What would the South be like today if the Confederacy had survived? No one can say with certainty, but it’s likely that taxes of all kinds would be much lower. Citizens would have much less government interference in their lives. Parents would have more control over their children’s education and over their local schools. Southern schools would most likely allow voluntary prayer, moral instruction, nativity plays at Christmas time, and formal Bible reading (as our schools used to do until the 1960s when the Supreme Court suddenly decided these things were somehow “unconstitutional”). There would be tough anti-pornography laws, and those laws would be enforced. The lives of unborn children would be protected by law. There would be no question that marriage should be reserved for a man and a woman. And a state government could place a Ten Commandments monument in front of a state judicial building without having to worry about a federal judge ordering its removal on the basis of an erroneous interpretation of the Constitution.

However, all this being said, I think that if the South had been allowed to go in peace, it may very well have eventually rejoined the Union. But, if not, I don’t think it would have been the end of the world if the South had remained independent. England and America have managed to do very well as separate nations. So have Norway and Sweden. So have Canada and England. So have Australia and England. I think the Confederacy and the United States could have done the same thing.

Final Thoughts

Some people think it is unpatriotic or divisive to defend the Southern side of the Civil War. As a retired U.S. Army veteran and a flag-waving patriot, I reject that view. Confederate citizens were Americans too. They were citizens of the “Confederate States of America.” Their heroes included George Washington, Thomas Jefferson, Patrick Henry, George Mason, Davy Crockett, and Andrew Jackson. The official Confederate seal featured the image of George Washington on his horse. The Confederate president, Jefferson Davis, was a former U.S. Army officer, a genuine hero in the Mexican War, an outstanding U.S. Secretary of War, and a highly respected member of the U.S. Senate. Dozens of other Confederate officials had likewise served faithfully in the U.S. government. One of the members of the Confederate Congress was former U.S. president John Tyler.

It is time for the demonization and smearing of the Confederacy to stop. Compared with other nations of its day, the Confederacy was one of the most democratic countries in the world. Even during the war, the Confederacy held elections and had a vibrant free press. In fact, on balance, the Confederacy was more democratic than some nations in our day. Confederate citizens enjoyed every right that we now enjoy, if not more. The Confederacy sought peace with the federal government and only fought because it was invaded. The Confederate Constitution was patterned after the U.S. Constitution and contained improvements that even some Northern commentators acknowledged were praiseworthy. (An excellent study of the Confederate Constitution is Marshall DeRosa’s book The Confederate Constitution of 1861: An Inquiry into American Constitutionalism, University of Missouri Press, 1991.)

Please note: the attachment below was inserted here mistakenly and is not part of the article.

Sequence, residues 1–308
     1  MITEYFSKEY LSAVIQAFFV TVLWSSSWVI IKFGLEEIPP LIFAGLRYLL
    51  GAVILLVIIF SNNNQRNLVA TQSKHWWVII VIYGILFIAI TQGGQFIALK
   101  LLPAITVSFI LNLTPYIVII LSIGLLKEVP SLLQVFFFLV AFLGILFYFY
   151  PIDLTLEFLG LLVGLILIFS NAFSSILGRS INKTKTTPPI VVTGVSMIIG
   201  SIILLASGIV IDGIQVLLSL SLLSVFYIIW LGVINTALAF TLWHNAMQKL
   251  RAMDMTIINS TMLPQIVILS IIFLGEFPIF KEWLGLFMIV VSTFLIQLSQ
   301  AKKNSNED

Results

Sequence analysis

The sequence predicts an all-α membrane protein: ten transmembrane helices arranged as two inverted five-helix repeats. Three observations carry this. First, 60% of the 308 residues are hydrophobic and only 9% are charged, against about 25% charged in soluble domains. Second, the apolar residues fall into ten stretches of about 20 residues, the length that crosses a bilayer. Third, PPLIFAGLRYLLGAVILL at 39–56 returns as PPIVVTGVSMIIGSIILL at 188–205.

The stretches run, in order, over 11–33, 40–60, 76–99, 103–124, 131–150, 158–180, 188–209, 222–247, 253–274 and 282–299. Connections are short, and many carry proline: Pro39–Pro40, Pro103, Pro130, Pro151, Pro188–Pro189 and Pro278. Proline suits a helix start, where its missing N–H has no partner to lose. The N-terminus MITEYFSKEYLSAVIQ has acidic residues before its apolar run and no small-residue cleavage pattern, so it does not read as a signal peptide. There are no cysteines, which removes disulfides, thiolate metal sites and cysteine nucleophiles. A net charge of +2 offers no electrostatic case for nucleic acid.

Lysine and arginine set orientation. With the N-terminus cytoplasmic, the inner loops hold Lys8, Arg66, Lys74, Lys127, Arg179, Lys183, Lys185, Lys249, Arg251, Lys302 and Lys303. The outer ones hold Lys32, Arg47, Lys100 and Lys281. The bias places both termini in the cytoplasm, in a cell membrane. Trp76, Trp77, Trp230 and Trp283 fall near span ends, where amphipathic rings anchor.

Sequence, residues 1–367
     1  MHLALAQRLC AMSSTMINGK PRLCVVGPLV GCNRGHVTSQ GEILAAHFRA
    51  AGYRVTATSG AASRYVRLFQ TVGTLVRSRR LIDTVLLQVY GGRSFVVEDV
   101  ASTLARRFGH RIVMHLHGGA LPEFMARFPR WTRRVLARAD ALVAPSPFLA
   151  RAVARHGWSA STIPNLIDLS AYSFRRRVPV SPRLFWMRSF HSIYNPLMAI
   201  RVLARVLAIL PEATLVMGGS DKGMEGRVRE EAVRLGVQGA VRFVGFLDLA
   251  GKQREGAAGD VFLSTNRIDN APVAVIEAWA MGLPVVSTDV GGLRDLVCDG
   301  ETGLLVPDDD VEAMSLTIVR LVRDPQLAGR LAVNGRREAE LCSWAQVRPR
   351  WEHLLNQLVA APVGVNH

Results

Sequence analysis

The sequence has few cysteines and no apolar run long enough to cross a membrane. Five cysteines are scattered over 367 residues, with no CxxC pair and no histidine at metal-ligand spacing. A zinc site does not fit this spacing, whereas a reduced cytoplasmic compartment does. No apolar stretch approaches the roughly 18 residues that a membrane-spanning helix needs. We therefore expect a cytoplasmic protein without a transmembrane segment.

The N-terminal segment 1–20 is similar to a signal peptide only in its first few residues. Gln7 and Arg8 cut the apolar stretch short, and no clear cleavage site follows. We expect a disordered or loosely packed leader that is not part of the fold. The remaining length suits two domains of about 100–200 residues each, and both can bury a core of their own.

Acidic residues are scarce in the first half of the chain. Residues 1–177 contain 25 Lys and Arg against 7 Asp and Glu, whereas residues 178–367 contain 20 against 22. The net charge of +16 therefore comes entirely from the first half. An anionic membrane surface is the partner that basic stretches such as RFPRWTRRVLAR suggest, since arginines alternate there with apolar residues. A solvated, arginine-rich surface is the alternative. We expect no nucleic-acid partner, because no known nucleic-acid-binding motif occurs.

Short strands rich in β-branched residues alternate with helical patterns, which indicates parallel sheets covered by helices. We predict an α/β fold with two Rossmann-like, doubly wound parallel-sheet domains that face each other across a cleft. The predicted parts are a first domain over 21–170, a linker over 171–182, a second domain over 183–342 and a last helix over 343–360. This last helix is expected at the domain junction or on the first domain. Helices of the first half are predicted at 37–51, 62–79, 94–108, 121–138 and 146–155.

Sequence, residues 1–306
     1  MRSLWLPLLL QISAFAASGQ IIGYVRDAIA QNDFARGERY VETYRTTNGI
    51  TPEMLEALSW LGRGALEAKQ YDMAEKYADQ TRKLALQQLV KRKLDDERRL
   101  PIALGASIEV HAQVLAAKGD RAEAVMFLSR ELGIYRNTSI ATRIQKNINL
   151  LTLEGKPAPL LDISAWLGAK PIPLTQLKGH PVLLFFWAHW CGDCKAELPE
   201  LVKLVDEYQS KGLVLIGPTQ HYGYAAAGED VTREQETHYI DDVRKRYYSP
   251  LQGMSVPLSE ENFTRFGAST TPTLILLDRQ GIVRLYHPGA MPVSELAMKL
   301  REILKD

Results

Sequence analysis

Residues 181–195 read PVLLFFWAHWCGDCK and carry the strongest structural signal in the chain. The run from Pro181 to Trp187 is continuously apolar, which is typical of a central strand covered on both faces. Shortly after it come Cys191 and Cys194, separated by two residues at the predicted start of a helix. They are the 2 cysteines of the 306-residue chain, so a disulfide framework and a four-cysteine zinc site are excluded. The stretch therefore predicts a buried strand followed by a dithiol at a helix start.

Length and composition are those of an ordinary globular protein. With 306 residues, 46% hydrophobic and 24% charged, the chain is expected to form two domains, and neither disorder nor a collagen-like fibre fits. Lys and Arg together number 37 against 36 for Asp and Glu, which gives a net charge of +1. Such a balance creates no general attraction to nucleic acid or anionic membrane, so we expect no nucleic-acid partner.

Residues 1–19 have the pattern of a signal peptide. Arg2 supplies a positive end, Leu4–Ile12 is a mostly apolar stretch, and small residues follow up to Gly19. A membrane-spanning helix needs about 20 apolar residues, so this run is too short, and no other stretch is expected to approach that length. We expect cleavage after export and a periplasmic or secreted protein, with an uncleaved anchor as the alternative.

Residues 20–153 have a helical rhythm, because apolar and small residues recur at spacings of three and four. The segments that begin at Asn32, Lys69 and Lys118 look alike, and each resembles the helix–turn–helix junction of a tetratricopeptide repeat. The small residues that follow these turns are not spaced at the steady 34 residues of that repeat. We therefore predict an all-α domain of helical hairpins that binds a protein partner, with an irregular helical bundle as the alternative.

Yes, the Confederacy permitted slavery, but it left the door open for the admission of free states and for the abolition of slavery at the state level. Let’s keep in mind, too, that the American colonies permitted slavery for decades, that the United States permitted slavery for over half a century, that several Northern states made huge fortunes from the slave trade, and that many of our founding fathers were slaveholders, including George Washington, Thomas Jefferson, Patrick Henry, James Madison, John Rutledge, George Mason, and Benjamin Franklin. Let’s also keep in mind that most Confederate citizens did not own slaves, and that by late 1864 key Confederate leaders were prepared to abolish slavery.

I agree with the sentiments that former Confederate army officer Robert Catlett Cave expressed in 1911:

Does the propriety of discussing the causes of the War Between the States belong exclusively to Northern writers and speakers? Did the South, when she laid down her arms, surrender the right to state in self-justification her reasons for taking them up? If not, I fail to see how it can be improper, when perpetuating the memory of the Confederate dead, at least to attempt to correct false and injurious representations of their aims and deeds and to hand down their achievements to posterity as worthy of honorable remembrance. (The Men in Gray, pp. 11-12)

I also agree with James Webb, who served as Secretary of the Navy and Assistant Secretary of Defense under President Ronald Reagan:

. . . to tar the sacrifices of the Confederate soldier as simple acts of racism, and reduce the battle flag under which he fought to nothing more than the symbol of a racist heritage, is one of the great blasphemies of our modern age. (Born Fighting: How the Scots-Irish Shaped America, New York: Broadway Books, 2004, p. 225)


ABOUT THE AUTHOR: Michael T. Griffith holds a Master’s degree in Theology from The Catholic Distance University, a Bachelor’s degree in Liberal Arts from Excelsior College, two Associate in Applied Science degrees from the Community College of the Air Force, and an Advanced Certificate of Civil War Studies and a Certificate of Civil War Studies from Carroll College. He is a two-time graduate of the Defense Language Institute in Monterey, California, in Arabic and Hebrew, and of the U.S. Air Force Technical Training School in San Angelo, Texas, and has completed advanced Hebrew programs at Haifa University in Israel and at the Spiro Institute in London, England. He is also the author of five books on Mormonism and ancient texts and one book on the John F. Kennedy assassination.

(This entire/series and parts article used with permission)